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Federal Law Requiring Felons Submit DNA Sample Constitutional
Conley was ordered to submit a DNA sample as a stipulation of her supervised release. She appealed that order, arguing it violates the Fourth Amendment. The Tennessee federal court's order was based on § 14135a, which provides that persons in custody or on release, parole, or probation must submit a DNA sample if convicted of a felony.
The Sixth Circuit rejected Conley's argument that Fourth Amendment requires "a showing of individual suspicion" for a search to be presumed reasonable." Conley also argued that law enforcement requires "special needs" to legitimize the collection of DNA.
The Court held that Conley's right to privacy in her DNA information does not override the governments 'special needs' in: 1) obtaining reliable proof of a felon's identity, 2) deterring convicted felons from committing additional crimes, or 3) protecting communities." Such a blood test is a "minimal intrusion," the Court said. "DNA markers that are used for identification purposes to not carry the important medical data that Conley complains will be subject to repeated searches.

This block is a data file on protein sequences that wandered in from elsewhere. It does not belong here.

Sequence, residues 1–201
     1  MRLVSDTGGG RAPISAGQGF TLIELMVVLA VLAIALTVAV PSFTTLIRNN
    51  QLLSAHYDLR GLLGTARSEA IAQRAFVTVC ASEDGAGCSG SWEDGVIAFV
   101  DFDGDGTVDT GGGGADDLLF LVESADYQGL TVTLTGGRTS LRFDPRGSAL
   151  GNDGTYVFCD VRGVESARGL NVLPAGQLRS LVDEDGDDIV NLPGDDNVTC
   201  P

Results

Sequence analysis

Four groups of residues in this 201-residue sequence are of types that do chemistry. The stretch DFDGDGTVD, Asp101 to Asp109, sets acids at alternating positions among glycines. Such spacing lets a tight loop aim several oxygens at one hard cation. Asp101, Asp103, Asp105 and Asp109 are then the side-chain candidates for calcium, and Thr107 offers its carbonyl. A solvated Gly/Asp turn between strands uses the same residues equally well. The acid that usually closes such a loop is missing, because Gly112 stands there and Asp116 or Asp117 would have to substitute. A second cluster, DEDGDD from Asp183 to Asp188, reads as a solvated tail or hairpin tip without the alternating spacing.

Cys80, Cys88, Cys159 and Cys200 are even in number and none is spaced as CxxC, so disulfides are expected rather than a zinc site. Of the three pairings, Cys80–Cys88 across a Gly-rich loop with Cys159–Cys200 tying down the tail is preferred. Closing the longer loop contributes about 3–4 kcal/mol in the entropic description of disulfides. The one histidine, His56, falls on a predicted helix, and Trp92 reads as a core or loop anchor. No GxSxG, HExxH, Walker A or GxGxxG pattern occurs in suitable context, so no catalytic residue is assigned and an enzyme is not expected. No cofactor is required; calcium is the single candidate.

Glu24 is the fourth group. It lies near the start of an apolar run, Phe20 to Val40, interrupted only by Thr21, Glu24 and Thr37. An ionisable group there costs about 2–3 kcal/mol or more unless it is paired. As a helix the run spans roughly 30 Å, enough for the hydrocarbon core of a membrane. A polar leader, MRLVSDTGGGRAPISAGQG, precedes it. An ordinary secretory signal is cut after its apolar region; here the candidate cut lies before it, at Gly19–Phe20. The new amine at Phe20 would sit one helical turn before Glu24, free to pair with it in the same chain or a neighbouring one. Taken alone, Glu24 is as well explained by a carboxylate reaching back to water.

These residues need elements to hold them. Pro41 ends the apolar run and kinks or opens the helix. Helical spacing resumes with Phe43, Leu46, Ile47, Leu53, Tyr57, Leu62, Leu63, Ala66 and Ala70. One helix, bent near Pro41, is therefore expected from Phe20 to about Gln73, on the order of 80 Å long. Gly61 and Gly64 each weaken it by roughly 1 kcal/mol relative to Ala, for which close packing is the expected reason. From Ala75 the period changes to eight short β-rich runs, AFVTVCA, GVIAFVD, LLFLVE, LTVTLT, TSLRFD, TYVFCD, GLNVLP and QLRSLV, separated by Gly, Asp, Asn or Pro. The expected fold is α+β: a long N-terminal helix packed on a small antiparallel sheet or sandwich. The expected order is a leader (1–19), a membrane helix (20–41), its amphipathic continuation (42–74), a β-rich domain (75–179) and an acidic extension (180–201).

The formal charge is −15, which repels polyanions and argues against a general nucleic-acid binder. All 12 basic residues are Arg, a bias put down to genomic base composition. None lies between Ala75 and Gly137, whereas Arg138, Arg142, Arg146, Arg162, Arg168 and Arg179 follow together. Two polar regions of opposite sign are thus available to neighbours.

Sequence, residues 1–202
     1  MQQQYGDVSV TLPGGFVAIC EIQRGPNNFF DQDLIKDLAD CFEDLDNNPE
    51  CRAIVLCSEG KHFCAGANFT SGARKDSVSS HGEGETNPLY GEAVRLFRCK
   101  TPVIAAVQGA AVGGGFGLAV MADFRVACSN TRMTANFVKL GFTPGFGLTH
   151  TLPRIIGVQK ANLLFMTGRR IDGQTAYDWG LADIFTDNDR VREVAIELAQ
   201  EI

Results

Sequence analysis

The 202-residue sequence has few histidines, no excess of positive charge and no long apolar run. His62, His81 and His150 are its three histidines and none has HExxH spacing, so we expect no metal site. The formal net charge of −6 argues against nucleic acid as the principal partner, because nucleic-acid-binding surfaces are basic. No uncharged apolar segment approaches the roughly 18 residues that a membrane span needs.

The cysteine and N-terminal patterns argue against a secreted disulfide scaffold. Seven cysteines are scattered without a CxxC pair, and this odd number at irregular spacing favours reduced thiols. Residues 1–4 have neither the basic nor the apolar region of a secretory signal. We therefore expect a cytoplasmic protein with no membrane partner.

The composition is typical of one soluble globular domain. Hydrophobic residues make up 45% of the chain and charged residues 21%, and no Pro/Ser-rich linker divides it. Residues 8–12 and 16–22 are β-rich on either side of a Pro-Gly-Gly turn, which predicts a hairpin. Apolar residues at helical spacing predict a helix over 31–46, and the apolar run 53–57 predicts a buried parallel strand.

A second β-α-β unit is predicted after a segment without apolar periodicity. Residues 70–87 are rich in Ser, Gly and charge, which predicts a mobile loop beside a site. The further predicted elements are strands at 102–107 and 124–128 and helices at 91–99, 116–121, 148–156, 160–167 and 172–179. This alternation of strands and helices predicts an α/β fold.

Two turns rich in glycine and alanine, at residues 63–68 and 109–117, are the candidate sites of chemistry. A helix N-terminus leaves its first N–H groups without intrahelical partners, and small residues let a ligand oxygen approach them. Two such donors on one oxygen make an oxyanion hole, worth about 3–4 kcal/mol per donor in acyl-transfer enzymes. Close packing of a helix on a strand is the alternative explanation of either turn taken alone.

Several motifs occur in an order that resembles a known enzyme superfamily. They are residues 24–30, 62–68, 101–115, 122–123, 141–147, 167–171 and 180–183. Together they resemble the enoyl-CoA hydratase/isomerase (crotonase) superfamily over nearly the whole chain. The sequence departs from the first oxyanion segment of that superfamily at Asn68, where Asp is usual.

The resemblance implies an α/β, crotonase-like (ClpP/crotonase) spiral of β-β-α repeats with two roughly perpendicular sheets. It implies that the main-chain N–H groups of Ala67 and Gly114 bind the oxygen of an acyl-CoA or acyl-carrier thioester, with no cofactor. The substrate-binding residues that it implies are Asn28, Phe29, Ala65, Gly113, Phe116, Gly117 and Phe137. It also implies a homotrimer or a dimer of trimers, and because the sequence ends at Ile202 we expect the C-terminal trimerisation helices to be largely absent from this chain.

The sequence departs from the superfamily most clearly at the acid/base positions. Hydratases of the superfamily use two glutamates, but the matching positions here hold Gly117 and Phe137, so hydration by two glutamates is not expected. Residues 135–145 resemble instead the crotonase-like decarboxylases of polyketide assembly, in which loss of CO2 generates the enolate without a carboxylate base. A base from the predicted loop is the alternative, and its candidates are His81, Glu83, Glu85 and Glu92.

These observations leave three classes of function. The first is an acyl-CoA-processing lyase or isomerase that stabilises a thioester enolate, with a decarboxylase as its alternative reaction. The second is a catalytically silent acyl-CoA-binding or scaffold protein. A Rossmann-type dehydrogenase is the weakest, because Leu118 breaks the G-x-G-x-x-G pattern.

When considering the totality of the circumstances, the Court held "the government's interest in properly identifying criminals and preventing them from further victimizing the community outweighs the limited expectations of privacy of a convicted felon." The district court's order was affirmed. See: United States v. Conley, 453 F.3d 674 (6th Cir. 2006).
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Related legal case
United States v. Conley
|Cite||453 F.3d 674 (6th Cir. 2006)|
|Level||Court of Appeals|